Host a Big Event, and Watch Your Customer Base Grow It's not all about online promotion. A fun and savvy customer-appreciation event in real life can still be just as powerful.

By Chip R. Bell

Opinions expressed by Entrepreneur contributors are their own.

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It happens about once a year. The local bank, hardware store or real-estate firm holds their customer-appreciation event. Where I live, these events are almost always accompanied with barbeque, beer and local country music group on a flatbed trailer. Sometimes, the event is an open house for a new branch or office opening. But, the banter, banner and band is about the same.

Related: 6 Steps to Planning a Free Startup Event and Making a Splash

Too often, there are missed opportunities for turning the special gathering into a smart garnering of new or expanded business. Here are nine ways to turn a ho-hum event into a memorable one with a return on investment (ROI).

1. Create a committee of customers to help you plan the customer event.

Remember -- customers care when they share. Getting their input and feedback can help your event be more collaborative and wired for winning. And, customers with skin in the game will help you turn an okay event into a success you want.

2. Craft a publicity approach that builds a 'circus is coming to town' kind of excitement.

Don't be afraid to put a bit of P.T. Barnum into your event planning. Signs at the event site, billboards, articles in the local paper and emails that encourage current customers to bring their friends can help ensure a good turnout.

3. Ensure the time and location is convenient for your target market.

This is why a bit of customer intelligence and participation can bring accuracy and fit. After all, the event is designed for your customers and prospects. Making it convenient only to your staff is starting at the wrong end. Start with what works best for your guests.

4. Make a warm welcoming experience your top priority.

Have plenty of staff people upfront with their best smiles aimed directly at your arriving guests. How long customers hang around can be directly tied to how well you and your staff demonstrate superb, attentive hosting.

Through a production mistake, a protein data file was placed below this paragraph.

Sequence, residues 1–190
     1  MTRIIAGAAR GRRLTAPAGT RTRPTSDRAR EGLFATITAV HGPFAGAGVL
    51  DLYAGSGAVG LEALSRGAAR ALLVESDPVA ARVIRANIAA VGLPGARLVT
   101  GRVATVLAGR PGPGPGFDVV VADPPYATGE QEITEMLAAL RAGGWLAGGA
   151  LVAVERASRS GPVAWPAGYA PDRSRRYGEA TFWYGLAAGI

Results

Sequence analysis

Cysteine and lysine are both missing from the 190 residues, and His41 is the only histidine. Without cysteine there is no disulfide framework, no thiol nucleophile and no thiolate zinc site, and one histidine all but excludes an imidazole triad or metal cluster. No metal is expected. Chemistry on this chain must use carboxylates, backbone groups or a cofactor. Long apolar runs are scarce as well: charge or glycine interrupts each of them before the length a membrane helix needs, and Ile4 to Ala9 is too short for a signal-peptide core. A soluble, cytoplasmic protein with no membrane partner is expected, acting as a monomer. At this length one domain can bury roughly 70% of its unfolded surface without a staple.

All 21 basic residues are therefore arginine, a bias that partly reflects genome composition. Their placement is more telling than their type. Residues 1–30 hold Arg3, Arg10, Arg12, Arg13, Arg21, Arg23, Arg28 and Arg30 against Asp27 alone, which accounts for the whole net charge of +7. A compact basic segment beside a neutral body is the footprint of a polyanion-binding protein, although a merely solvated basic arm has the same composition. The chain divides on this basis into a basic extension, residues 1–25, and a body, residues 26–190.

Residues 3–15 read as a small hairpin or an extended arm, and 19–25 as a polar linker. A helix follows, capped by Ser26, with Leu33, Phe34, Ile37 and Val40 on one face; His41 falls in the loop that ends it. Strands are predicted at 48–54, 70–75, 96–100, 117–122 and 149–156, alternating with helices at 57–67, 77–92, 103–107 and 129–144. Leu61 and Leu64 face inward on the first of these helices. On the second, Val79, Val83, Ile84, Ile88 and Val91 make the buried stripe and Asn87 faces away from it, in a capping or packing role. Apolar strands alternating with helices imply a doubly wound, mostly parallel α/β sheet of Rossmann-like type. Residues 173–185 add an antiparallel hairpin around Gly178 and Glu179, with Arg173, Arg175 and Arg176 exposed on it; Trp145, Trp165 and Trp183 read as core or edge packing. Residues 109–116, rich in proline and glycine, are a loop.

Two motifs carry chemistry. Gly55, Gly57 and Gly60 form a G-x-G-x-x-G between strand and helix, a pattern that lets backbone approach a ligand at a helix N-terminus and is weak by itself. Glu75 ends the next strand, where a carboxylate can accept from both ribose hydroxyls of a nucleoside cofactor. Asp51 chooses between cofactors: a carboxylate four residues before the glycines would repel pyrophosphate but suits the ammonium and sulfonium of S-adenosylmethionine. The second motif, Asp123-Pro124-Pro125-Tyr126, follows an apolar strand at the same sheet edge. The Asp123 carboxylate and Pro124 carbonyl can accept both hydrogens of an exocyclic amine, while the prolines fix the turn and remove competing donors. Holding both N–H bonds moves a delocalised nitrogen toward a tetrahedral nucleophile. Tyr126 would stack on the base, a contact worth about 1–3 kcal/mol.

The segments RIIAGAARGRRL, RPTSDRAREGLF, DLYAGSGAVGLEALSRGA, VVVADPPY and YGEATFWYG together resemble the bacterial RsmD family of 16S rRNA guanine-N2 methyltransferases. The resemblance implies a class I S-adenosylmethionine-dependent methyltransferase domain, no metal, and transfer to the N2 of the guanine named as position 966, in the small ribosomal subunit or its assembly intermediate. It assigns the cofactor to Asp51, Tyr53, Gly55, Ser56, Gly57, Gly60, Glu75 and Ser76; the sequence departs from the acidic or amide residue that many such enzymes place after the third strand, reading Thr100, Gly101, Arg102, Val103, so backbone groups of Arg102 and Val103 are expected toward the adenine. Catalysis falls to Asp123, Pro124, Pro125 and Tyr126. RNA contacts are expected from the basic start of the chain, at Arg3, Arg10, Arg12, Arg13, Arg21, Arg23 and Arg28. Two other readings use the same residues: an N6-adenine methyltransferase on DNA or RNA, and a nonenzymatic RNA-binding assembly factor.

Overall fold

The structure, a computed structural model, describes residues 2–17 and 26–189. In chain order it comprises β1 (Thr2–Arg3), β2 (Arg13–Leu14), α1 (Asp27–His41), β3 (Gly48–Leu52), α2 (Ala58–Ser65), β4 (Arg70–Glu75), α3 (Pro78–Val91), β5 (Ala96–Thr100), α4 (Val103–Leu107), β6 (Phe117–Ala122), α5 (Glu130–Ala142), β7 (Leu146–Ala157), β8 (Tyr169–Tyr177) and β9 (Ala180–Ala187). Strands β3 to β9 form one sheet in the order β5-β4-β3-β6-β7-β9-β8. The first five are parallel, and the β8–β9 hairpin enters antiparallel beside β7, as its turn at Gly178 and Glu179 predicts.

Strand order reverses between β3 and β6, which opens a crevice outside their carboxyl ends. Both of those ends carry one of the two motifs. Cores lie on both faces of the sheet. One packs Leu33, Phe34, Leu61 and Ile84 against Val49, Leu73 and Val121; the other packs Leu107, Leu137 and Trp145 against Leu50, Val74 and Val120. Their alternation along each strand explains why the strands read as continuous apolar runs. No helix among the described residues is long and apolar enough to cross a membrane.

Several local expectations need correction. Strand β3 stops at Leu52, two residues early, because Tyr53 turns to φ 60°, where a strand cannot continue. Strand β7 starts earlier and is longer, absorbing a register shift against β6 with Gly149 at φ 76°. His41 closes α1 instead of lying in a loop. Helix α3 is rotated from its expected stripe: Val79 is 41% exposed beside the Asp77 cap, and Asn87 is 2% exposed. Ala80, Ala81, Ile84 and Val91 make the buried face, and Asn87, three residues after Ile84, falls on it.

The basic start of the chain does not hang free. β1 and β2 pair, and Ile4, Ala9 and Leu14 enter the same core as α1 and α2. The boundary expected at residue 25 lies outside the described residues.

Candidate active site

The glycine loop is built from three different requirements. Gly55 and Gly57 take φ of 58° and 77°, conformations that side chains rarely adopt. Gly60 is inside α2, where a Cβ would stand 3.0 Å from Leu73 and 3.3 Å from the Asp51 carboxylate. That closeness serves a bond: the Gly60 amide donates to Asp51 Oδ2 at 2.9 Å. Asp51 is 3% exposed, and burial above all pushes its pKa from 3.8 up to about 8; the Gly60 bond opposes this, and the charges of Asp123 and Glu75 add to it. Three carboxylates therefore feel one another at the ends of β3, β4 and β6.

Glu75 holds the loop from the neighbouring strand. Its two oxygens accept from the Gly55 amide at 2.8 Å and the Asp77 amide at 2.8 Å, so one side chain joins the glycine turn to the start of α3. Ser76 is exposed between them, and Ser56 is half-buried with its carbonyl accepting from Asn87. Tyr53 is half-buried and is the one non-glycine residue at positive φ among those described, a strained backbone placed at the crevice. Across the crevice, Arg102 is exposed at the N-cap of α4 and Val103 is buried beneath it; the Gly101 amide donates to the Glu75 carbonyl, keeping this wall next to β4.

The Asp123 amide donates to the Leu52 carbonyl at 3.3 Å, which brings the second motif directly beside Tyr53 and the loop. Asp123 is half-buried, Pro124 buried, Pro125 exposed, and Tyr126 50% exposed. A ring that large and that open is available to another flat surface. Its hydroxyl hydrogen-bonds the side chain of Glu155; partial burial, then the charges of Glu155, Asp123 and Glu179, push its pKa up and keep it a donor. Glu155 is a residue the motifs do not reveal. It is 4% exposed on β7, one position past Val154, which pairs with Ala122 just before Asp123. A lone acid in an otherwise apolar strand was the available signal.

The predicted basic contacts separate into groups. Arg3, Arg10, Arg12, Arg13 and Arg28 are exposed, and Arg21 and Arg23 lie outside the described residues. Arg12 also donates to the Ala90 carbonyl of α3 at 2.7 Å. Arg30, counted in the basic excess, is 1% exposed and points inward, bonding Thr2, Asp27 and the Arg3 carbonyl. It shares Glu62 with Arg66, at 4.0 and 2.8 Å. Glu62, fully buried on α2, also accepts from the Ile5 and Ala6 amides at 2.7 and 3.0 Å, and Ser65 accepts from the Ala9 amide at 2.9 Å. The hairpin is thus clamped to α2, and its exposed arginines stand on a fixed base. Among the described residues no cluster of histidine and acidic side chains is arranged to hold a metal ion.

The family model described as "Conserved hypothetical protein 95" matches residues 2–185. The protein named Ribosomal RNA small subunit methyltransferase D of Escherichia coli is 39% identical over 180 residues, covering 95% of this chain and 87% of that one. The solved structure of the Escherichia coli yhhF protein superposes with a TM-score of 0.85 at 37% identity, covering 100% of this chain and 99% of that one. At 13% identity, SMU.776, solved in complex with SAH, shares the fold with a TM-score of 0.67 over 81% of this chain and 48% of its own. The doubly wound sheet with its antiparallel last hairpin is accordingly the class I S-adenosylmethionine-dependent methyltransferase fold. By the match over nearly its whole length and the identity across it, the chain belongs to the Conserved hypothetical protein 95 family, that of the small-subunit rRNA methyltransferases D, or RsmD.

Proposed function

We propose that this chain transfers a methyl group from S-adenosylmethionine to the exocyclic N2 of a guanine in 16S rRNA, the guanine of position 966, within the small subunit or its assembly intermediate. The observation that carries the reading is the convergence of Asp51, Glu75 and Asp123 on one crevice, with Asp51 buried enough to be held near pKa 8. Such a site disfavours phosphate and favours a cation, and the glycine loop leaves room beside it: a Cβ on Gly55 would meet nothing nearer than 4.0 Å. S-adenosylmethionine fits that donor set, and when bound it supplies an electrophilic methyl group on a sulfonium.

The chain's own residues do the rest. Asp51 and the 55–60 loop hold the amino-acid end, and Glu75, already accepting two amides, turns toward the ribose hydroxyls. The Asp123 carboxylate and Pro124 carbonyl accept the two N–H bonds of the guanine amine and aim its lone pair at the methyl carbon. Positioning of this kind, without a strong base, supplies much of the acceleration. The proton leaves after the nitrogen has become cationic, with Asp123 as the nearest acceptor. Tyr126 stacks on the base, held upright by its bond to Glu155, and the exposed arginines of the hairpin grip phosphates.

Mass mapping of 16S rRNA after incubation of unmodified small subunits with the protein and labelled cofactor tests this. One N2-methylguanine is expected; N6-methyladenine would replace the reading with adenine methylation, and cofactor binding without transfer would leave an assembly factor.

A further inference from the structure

Related: Bonnaroo's Founder on Hosting a Blockbuster Bash

5. Don't forget to entertain all children who might be along.

We have all heard the adage, "If mama is not happy, no one is happy!" When it comes to customer events, that rule applies to children, not mamas. And, a bored child attending your event can be a looming problem! Make sure there are activities for children, and they get some of your hosting attention.

6. Accommodate special needs -- e.g., gluten free snacks or handicapped-accessible rest rooms.

Even if your visitors have no special needs, they appreciate it if you have been attentive to that possibility. How you care for those with special physical needs tells customers or prospects a lot about how you will manage their special-service needs.

7. Add a feature that gets people talking -- a magician, a famous sports hero signing autographs, a mime, etc.

People remember events that have something special or unique. Good food and good music are assumed. Look for adding a feature that becomes the talk of the town. Stay away from politicians wanting votes or controversial people seeking attention. Events with a delightful buzz lead to customers eager to return.

8. Create ways to capture contact information from those in attendance -- e.g., a drawing for a prize.

There are some attendees you know well, especially if they are loyal customers. But the goal of customer events should be more than just a "thank you." It should be a way to help you grow your business.

9. Include an unexpected generous action during your event.

Show your generosity by thoughtful gestures that thank guests for attending. Wash parked cars during your event. Provide lots of logo-ed takeaways. Create "today only" deep discounts. Give to your guests the best that you have -- and the best will likely come back to you.

Related: Hire Professional Moderators So Your Event Panels Don't Suck

The customer event should not end when the last person has departed. Plan a way to follow-up with those who attended -- and follow-up soon after the customer event. When you follow-up, be sure to thank customers or prospects for attending and let them know you are eager to serve them. Don't let your customer event fizzle like a balloon overnight. Turn it into a hit with thoughtful planning and careful attention to your guests.

Chip R. Bell

Keynote Speaker, Author and Customer-Loyalty Consultant

Chip R. Bell is a renowned keynote speaker and the author of several best-selling books including his newest, Sprinkles: Creating Awesome Experiences Through Innovative Service. He can be reached at

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